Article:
Topics addressed include the Business Plot, where in 1933, the popular General Smedley Butler exposed a corporate plot against then U.S. President Franklin Roosevelt; the tragedy of the commons; Dwight D. Eisenhower’s warning people to beware of the rising military-industrial complex; economic externalities; suppression of an investigative news story about Bovine Growth Hormone on a Fox News Channel affiliate television station; the invention of the soft drink Fanta by the Coca-Cola Company due to the trade embargo on Nazi Germany; the alleged role of IBM in the Nazi holocaust (see IBM and the Holocaust); the Cochabamba protests of 2000 brought on by the privatization of Bolivia’s municipal water supply by the Bechtel Corporation; and in general themes of corporate social responsibility, the notion of limited liability, the corporation as a psychopath, and the corporation as a person.

Provoking, witty, stylish and sweepingly informative, THE CORPORATION explores the nature and spectacular rise of the dominant institution of our time. Part film and part movement, The Corporation is transforming audiences and dazzling critics with its insightful and compelling analysis. Taking its status as a legal “person” to the logical conclusion, the film puts the corporation on the psychiatrist’s couch to ask “What kind of person is it?” The Corporation includes interviews with 40 corporate insiders and critics – including Noam Chomsky, Naomi Klein, Milton Friedman, Howard Zinn, Vandana Shiva and Michael Moore – plus true confessions, case studies and strategies for change.

Along with the groundbreaking 145-minute theatrical version of the film, the two-disc DVD has eight hours of never-before-seen footage. In addition to two commentary tracks, deleted scenes, and Q’s-and-A’s, 165 new clips and updates are sorted “by person” and “by topic.” Get the details you want to know on the issues you care about. Then, check out the web links for follow-up research and action.”

Further reading:

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Posted in Anti-P2P, Videos | 1 Comment »

Reclaiming the ‘real’ sharing economy

photo of Rajesh Makwana

Rajesh Makwana
25th April 2015


Romantic Heart from Love Seeds
What does it actually mean ‘to share’? This might seem like an obvious question, but the concept of sharing is increasingly being debated, discussed and redefined in our modern age of rapid technological change and planetary crises.


The rise of the sharing economy in recent years has given particular impetus to this debate, in which many academics are now analysing how sharing is a conflated economical concept that has been co-opted by corporate interests. It’s interesting to observe how savvy young progressives are resisting against this trend, while many social activists and environmentalists are beginning to chart a new direction for (and entirely new understanding of) the sharing economy – not as a profit-oriented business model, but as a potentially transformative mode of social exchange and economic activity.

For example, a community-building innovator based in New York, Lee-Sean Huang, has coined the term #WeWashing to help identify and critique the abuse of terms like “sharing”, “community” and “we”, which are often debased through online technology platforms or manipulated by corporate marketing techniques. Yet these words are meaningful, writes Huang, and “reminders that we are part of something greater than ourselves. As community members and citizens, we share common bonds and common interests. We are more than consumers.” Huang therefore argues that we need to “preserve the meaning of altruistic sharing and the bonds of community beyond narrowly-defined economic transactions”.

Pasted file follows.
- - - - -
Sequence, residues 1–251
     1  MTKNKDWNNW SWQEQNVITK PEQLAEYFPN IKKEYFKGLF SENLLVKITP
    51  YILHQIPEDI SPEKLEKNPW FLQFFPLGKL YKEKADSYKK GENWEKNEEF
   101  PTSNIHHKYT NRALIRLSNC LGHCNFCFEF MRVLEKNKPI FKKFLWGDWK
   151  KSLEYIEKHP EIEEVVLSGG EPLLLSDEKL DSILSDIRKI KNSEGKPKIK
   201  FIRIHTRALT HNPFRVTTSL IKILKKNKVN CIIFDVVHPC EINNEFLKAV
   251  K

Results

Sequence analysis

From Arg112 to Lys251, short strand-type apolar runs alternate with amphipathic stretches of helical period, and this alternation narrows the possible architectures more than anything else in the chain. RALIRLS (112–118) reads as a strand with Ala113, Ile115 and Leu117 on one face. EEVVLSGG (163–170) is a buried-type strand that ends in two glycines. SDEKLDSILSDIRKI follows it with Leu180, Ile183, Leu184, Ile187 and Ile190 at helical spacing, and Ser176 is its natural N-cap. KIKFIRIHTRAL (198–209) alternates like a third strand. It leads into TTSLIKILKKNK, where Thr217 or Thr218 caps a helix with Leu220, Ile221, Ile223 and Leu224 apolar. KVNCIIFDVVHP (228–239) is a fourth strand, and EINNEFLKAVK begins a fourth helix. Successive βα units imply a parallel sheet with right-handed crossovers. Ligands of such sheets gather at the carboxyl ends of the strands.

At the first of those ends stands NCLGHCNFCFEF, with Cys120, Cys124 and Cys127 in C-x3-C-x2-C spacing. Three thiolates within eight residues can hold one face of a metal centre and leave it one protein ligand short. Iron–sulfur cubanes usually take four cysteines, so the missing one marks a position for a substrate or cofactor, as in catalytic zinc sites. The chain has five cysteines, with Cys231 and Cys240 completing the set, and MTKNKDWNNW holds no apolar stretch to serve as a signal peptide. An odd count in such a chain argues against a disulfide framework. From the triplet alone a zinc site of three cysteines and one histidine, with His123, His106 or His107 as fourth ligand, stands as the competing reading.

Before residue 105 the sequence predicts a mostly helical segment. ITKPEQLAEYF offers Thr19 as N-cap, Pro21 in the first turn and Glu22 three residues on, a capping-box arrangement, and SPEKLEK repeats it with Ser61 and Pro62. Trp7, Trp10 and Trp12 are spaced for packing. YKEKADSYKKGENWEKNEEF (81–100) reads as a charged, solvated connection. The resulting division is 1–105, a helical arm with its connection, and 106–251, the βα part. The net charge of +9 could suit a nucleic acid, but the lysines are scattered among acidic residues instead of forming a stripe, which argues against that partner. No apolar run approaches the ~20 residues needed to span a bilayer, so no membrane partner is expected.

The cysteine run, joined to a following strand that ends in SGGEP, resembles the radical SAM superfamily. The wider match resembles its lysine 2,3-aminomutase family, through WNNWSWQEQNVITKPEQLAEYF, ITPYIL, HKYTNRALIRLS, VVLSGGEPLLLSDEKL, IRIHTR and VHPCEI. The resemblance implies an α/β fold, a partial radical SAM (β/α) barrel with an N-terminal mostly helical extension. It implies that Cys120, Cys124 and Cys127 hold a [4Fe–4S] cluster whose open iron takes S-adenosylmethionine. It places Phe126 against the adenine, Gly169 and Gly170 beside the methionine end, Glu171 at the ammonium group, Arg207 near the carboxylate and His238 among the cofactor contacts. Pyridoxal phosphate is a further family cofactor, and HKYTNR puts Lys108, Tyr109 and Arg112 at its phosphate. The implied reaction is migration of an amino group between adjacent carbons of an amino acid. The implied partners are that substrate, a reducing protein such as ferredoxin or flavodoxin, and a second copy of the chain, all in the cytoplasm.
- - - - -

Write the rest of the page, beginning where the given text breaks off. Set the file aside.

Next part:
In a similar vein, the environmental news and commentary site Grist recently published a new series on “the real sharing economy”, asserting that sharing “has been appropriated and stripped of all meaning by people trying to sell you things, much like sustainability was.” In contrast, ‘real’ sharing goes far beyond “profit-seeking smartphone apps for unregulated taxi services (Uber) and vacation rentals (Airbnb)”, and could allow “humanity as a whole to consume less, hopefully shrinking our economy’s voracious appetite for materials and energy.”

An article by Sam Bliss at Grist gives a neat overview of how sharing can help us achieve economic degrowth in consumption and production, while “maintaining quality of life, or even improving it with more social interactions and stronger community relationships”. A real sharing enterprise, he argues, is not driven by profits for shareholders but wider concerns of equity, fairness and worker participation. He also acknowledges the potential of sharing wealth and power on a bigger scale, which is the only way to decrease global inequality, achieve true social justice, or fix a broken political system dominated by vested interests.

He even goes on to cite STWR’s report that explains how, in his words, “sharing can be the idea that brings together social, economic, and ecological movements in a grand alliance. Imagine Black Lives Matter, the fossil fuel divestment crusade, and the smoldering embers of Occupy joining forces to fight for a real sharing economy.”

No doubt the divergent perspectives on economic sharing will be openly debated at the upcoming Ouishare Fest 2015 in Paris, which has a wide variety of speakers from Charles Eisenstein, Michel Bauwens and Rob Hopkins to Lisa Gansky, Arun Sundararajan and Jeremiah Owyang (as well as a panel discussion with STWR on the environmental impacts of collaborative consumption – not to be missed for anyone attending!).